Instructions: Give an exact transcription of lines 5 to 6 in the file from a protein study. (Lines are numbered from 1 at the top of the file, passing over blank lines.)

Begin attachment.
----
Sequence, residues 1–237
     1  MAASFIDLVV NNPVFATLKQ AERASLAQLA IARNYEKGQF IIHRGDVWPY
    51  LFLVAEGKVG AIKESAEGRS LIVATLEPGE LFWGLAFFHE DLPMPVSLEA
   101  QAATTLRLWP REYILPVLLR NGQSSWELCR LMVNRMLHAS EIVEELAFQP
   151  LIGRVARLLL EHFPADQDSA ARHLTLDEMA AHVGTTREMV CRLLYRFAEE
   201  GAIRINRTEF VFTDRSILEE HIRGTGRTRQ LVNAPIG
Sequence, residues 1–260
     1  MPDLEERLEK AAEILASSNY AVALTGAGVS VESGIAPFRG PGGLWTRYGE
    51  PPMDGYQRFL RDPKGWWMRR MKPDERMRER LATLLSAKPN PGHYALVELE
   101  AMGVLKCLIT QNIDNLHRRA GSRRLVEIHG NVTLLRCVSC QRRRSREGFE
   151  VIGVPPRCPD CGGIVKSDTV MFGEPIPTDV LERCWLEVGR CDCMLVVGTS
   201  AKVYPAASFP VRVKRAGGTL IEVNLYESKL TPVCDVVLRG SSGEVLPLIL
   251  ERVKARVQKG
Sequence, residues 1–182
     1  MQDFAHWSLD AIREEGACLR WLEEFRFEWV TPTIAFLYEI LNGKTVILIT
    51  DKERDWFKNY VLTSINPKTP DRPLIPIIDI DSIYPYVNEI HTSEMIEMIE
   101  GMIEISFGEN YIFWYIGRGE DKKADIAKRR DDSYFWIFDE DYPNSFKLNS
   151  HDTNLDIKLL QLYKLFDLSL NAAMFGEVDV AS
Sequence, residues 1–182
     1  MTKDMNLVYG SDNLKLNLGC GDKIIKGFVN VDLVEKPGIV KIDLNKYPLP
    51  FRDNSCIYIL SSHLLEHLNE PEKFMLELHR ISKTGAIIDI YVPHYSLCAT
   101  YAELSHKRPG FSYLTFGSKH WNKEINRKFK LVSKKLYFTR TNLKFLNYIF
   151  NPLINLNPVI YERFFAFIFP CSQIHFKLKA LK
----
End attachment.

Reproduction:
   151  LIGRVARLLL EHFPADQDSA ARHLTLDEMA AHVGTTREMV CRLLYRFAEE
   201  GAIRINRTEF VFTDRSILEE HIRGTGRTRQ LVNAPIG